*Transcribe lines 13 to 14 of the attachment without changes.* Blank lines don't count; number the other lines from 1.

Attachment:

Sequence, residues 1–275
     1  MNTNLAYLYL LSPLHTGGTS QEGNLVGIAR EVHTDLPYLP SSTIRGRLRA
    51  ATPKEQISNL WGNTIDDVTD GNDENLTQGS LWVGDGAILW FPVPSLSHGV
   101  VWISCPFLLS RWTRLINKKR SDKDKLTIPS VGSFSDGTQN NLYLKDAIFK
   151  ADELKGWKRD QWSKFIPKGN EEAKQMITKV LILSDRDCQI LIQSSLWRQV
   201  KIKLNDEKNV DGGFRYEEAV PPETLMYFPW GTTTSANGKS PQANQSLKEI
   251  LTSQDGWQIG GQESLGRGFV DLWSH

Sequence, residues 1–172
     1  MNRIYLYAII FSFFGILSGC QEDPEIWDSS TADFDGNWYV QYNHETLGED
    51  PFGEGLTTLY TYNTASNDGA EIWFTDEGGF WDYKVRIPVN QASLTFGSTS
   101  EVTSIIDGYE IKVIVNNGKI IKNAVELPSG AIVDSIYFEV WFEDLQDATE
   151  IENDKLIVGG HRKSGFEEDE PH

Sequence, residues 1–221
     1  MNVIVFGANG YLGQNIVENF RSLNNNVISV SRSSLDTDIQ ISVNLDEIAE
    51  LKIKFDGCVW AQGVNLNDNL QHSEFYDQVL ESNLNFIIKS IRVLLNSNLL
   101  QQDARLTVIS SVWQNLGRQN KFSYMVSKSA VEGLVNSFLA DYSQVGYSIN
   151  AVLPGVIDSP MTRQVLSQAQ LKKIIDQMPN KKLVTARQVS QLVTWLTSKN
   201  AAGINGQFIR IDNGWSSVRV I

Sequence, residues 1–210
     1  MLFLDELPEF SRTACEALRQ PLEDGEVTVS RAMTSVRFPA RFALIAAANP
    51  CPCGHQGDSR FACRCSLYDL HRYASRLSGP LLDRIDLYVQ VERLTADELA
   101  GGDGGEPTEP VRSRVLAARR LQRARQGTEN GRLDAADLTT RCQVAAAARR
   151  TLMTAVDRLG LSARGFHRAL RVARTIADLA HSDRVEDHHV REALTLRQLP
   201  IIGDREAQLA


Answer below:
Sequence, residues 1–221
     1  MNVIVFGANG YLGQNIVENF RSLNNNVISV SRSSLDTDIQ ISVNLDEIAE